After another resounding defeat at Lahore, several of the New Zealanders experimented in the nets with scoring one side of an old ball with bottle tops. "With that technique, even guys like Mark Greatbatch and Martin Crowe were swinging the ball miles in the air," Pringle wrote. "We practised long and hard in the nets and were quite excited about the results we were getting with it." Crowe admitted that he ran in to bowl his normal inswingers "only to see the ball curve the other way ... I'd never bowled outswingers in my life!"
On the morning of the first day of the final Test at Faisalabad, Pringle decided to put what he had learned into practice. He found an old bottle top, cut it into quarters, covered the serrated edge with tape, leaving a sharp point exposed. At the first drinks interval the umpires did not ask to look at the ball and, with Pakistan making sedate progress, Pringle started scratching the ball with the bottle top. Pakistan crashed from 35 for 0 to 102 all out. Pringle finished with his Test-best figures of 7 for 52.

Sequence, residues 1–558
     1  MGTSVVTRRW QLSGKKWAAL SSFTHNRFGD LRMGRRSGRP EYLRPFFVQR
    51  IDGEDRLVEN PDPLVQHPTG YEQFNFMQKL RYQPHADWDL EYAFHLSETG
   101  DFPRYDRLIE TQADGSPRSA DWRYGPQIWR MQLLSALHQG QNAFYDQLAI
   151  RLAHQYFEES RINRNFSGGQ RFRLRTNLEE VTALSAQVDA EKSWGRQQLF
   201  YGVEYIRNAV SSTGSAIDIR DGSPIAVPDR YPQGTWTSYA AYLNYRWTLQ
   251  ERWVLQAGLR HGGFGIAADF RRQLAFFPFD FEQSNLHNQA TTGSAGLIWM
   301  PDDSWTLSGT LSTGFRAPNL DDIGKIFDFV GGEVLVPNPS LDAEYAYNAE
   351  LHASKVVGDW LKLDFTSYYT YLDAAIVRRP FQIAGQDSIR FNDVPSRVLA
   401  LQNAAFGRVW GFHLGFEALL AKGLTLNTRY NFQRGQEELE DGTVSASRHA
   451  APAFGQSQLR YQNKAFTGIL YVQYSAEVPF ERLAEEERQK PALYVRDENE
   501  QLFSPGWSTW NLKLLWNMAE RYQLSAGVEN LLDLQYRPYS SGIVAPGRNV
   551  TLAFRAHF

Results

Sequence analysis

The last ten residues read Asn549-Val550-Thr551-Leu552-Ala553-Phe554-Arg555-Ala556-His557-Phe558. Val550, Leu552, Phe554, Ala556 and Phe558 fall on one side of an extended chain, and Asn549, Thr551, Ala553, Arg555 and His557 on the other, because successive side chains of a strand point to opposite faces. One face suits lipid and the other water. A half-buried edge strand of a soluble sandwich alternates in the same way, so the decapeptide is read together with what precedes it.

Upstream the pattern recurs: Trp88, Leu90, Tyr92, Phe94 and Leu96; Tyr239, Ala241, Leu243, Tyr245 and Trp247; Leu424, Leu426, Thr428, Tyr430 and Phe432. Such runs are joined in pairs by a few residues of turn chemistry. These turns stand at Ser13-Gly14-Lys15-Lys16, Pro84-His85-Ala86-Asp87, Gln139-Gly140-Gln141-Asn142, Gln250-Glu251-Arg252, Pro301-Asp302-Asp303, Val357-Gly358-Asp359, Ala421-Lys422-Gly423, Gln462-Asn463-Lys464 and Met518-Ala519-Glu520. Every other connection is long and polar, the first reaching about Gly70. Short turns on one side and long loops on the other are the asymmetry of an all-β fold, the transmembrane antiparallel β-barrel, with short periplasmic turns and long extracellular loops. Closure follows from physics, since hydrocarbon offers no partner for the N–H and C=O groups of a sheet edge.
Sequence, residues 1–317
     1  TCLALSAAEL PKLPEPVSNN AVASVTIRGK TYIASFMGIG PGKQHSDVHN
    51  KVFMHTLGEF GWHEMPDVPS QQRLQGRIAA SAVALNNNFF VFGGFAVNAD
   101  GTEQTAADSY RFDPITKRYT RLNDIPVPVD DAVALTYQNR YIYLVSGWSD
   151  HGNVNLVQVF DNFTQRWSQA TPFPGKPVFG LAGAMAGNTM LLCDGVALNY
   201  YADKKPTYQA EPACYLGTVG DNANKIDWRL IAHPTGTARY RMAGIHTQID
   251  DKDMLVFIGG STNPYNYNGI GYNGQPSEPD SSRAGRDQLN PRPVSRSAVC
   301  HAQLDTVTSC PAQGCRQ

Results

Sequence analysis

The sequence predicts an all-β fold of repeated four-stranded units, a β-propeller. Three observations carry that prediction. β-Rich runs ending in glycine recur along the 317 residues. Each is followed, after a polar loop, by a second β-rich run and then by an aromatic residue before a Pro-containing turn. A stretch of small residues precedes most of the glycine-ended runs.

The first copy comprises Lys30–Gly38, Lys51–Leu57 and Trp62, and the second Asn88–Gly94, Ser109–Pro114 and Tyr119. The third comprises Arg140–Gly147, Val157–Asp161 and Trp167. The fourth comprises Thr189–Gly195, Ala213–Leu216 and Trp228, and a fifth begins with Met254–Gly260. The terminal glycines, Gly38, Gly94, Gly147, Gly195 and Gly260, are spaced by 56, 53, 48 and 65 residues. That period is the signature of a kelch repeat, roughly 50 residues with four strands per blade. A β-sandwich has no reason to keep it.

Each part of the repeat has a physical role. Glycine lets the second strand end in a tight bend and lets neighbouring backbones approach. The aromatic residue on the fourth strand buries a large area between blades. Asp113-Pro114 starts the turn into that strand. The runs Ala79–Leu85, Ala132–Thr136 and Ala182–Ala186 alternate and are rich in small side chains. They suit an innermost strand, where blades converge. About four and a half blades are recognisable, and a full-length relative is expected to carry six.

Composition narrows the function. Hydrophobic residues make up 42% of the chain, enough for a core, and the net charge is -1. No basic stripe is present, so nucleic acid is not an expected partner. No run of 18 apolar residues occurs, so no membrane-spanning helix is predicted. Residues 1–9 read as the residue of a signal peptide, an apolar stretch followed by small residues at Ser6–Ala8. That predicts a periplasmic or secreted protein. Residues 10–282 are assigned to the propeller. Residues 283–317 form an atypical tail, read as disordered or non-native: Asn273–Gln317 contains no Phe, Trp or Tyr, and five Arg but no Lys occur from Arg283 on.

"Neither umpire showed any concern or took any notice in what we were doing even though, at the end of the innings, the ball was very scratched," Pringle noted. "One side was shiny but there were lots of grooves and lines and deep gouges on the other side. It was so obvious. It was ripped to shreds ... one side of the ball had been demolished. The umpires were walking across to each other and talking quite a lot. I sensed that they could tell what was going on ... but they didn't want to get involved in anything controversial."